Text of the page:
This paper reports on the attachment theory and how life experience affects one’s emotional attachment to others. Attachment theory advanced by John Bowlby in the early 1950s, seeks to explain how early life relations affects an individual’s emotional bonding in future Hutchison (89). The theory gives an understanding of the different personalities as relates to emotional relationships. The theory was first focused on the relationship between children and their parents, but was later expanded to look at the whole lifespan. The theory looks at ones attachment as being influenced by both psychological conditions and the social environment.
The Attachment Theory and Life Experiences
According to the proponents of the attachment theory, children develop a bond with their caregivers, which grow into an emotional bond.
Further research on the theory indicates that life experiences in childhood direct the course of one’s personality as well as the social and emotional development throughout his or her life. Besides the explanation advanced by the theory regarding the connection between a baby and its mother or a care giver, the theory also seeks to explain the attachment between adults Hutchison (43). Among adults, an emotional attachment is felt more especially during bereavement or separation of spouses. Babies are born without the ability to move or feed themselves. They depend on care givers to for these needs; they however have pre-programmed set of behavior that comes into action due to the environmental stimuli. Environmental stimuli may trigger a sense of fear or distress in the baby making it cry for help from the mother or the care giver. The protection or comfort offered to the baby makes it develop a stronger emotional bond with the mother and others who are closer to it. Children grow to relate comfort from distress to the people who are close to them during their early stages of development.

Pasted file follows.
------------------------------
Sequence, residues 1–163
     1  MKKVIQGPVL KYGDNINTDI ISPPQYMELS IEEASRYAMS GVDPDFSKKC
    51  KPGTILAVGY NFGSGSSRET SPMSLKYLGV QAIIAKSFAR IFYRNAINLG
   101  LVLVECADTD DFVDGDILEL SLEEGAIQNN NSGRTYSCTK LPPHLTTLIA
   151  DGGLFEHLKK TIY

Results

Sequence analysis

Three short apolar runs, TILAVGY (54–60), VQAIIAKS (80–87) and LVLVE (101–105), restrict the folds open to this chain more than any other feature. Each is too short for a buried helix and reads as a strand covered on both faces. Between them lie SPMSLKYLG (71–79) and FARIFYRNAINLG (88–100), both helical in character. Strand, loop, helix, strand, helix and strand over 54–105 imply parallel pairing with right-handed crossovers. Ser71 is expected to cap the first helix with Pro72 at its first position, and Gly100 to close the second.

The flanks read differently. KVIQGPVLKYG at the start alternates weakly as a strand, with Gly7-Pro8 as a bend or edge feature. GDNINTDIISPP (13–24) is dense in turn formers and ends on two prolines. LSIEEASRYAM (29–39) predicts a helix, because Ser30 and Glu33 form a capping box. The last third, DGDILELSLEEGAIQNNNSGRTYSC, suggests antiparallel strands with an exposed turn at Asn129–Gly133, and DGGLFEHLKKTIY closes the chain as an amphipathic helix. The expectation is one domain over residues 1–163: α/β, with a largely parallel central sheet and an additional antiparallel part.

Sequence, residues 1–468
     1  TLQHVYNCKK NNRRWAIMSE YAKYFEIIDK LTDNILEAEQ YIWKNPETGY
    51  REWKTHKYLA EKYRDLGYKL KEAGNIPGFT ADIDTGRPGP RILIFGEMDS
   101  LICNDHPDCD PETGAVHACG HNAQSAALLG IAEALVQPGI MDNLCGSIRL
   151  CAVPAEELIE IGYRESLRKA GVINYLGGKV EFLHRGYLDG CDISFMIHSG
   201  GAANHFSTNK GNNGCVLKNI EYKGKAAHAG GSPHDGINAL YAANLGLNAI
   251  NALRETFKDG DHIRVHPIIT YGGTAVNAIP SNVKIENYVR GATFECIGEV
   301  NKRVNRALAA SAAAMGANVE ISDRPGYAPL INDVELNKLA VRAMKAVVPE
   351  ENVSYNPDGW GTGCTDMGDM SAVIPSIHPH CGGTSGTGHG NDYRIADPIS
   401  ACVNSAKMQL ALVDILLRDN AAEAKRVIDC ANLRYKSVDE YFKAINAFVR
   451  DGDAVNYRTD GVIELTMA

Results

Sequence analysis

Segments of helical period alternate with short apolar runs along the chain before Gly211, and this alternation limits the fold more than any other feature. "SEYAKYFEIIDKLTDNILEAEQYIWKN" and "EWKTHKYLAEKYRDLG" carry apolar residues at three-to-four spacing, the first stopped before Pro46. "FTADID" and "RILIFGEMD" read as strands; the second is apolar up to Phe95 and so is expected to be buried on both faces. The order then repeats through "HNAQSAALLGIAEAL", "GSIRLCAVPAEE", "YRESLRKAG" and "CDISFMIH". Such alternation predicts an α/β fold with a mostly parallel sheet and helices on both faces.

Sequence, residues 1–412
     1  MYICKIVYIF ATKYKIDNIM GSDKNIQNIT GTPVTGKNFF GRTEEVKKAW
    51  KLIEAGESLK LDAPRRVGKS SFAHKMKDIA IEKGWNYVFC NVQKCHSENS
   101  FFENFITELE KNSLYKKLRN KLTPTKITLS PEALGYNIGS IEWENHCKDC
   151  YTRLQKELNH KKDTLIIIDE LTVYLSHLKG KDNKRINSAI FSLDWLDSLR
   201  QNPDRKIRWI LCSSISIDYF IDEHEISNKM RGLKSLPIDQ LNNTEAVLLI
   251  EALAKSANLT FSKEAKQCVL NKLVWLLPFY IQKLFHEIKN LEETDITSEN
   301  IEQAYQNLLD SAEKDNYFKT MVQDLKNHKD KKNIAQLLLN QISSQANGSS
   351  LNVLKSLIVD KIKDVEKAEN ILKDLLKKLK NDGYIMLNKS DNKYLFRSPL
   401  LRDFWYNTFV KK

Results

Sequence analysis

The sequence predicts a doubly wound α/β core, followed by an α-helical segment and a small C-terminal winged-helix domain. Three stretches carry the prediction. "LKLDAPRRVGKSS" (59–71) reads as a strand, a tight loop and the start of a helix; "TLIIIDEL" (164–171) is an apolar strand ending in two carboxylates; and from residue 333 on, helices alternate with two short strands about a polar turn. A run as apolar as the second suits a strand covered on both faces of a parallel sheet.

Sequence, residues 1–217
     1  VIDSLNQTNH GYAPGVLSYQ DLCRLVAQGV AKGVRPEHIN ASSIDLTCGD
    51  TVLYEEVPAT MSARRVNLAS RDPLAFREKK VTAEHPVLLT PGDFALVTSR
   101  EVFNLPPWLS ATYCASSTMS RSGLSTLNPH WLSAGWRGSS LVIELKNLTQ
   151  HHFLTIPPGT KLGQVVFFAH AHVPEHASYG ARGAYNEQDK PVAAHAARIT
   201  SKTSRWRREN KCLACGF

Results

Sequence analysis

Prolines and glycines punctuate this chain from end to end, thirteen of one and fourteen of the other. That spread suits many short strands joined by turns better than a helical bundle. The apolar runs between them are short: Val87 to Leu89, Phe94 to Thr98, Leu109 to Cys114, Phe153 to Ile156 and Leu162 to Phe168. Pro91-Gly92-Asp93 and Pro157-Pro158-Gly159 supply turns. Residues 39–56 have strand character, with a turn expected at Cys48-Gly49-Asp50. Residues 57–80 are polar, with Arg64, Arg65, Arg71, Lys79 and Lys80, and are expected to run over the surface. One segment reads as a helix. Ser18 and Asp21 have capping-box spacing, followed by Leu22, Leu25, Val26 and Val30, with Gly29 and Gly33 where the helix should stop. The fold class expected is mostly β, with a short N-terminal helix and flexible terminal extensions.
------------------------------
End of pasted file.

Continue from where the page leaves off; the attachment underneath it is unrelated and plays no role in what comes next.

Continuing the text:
The nature of the environment a child grows in, together with the “psychological framework builds up a child’s internal working model” Hutchison (52). The internal working model comprises of the development of expectations that an individual perceives in social interactions. The theory explains the effect of challenging parenting such as; neglect or abuse. Parents and caregivers should endeavor to develop an environment that makes children feel secure and comfortable. The type of relationship parents establish with their children at their early stages of development determines the type of emotional attachment a child develops with them. A child who grows up in a loving and sensitive environment develops secure relationships in with others. Such a child grows to recognize others as being caring, loving and reliable.
They also develop high self esteem and learn to deal with negative feelings. Research indicates that people who grow up in secure attachment relationships are able to demonstrate good social aptitude throughout their life. On the contrary, children brought up in unsecure environment develop an avoidant attachment. An unsecure environment to children is often characterized by fear, anxiety and rejection.
This type of environment makes a child make children to downplay their emotional feelings. There is a group of children who grow up with care givers that are not consistent in responding to their emotional needs. Their care givers are sometimes sensitive, and sometimes insensitive to their feelings. Such children develop “an attachment seeking habit as they try to conquer the insensitivity of their caregivers” Hutchison (34). This sort of behavior by children is referred to as ambivalent attachment, where the children seek to compensate for the inconsistent responsiveness by the caregiver. Such a child tries to manage other people’s attention through behavior sets such as; seduction, bullying rage and necessity.
Hutchison, Elizabeth. Dimensions of human behavior: The changing life course. 4th Ed.
Thousand oaks, CA: Sage publications, 2011. Print